The Premier stated that the new Liberal Government would “open the books on Nalcor”. He has done nothing of the kind. Indeed, his foot dragging on virtually any follow-through compels us to ask: was this severance affair just another deception?  

On this matter of openness and honesty, the Premier needs to give the public a new resolve.

He should begin by coming clean on any deal with Ed Martin because the content of Martin’s employment contract, obtained by David Vardy, just doesn’t cut it.

The Premier must also produce the full agreement, now. 


Article 16 provides that the employment of the Executive (Ed Martin) may be terminated:

(a)        upon death in which case various benefits are accessible;
(b)        for just cause, upon written notice by Nalcor, in which case Martin is entitled                           to receive the SERP (Special Executive Retirement Pension) benefits payable in                   accordance with paragraph 14(b); and
(c)        at the sole discretion of Nalcor including the absence from duties for medical 
            reasons for more than six months, Ed Martin is entitled to: 

(i)         Salary and benefits for the equivalent period of two (2) years in lieu of notice plus                 the equivalent of the highest annual bonus he had received in each prior year of the             two year pay period;
(ii)        Any other benefits to which he was entitled had he continued working;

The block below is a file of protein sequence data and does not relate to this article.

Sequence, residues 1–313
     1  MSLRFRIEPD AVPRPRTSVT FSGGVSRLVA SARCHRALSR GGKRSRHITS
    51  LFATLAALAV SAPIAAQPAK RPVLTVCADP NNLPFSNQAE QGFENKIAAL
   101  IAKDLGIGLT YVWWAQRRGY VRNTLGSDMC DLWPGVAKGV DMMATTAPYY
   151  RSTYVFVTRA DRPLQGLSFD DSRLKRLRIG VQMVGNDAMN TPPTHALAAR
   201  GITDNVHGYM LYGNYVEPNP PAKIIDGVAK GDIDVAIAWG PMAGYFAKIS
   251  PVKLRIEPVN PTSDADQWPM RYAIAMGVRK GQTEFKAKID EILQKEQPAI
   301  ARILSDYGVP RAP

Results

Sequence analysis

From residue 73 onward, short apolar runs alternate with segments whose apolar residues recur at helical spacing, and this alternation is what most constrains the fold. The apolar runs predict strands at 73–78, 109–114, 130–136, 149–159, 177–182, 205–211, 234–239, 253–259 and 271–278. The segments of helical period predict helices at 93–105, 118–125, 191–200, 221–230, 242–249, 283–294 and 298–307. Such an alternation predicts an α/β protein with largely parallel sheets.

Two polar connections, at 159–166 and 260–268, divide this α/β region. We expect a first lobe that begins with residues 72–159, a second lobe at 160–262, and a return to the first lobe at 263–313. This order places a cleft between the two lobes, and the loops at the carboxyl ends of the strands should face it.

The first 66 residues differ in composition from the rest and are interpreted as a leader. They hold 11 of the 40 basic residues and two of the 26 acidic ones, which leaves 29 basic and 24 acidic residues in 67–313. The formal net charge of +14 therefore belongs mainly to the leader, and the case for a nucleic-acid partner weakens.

(iii)       SERP benefits;
(iv)       Outplacement services up to $25,000

Let’s stop there for a moment for review:

1.         We know Ed Martin did not die, he having represented himself at a press conference             announcing his retirement.

2.         If Ed Martin was dismissed for “just cause” he would not have been entitled to                       receive any benefits other than SERP (Special Executive Retirement Pension        
            benefits pursuant to Article 16(b).

3.         The Premier and Ed Martin made it clear the resignation was for personal reasons.

4.         Therefore, he was not terminated at the discretion of the Nalcor Board of Directors.

So, the question is: under which condition of the employment contract did he received $1.39 million termination benefits plus a bonus?

There is one other possibility under the contract.

Under clause 16(d) Ed Martin had the legal right to terminate the contract if a particular set of circumstances occurred. Those include: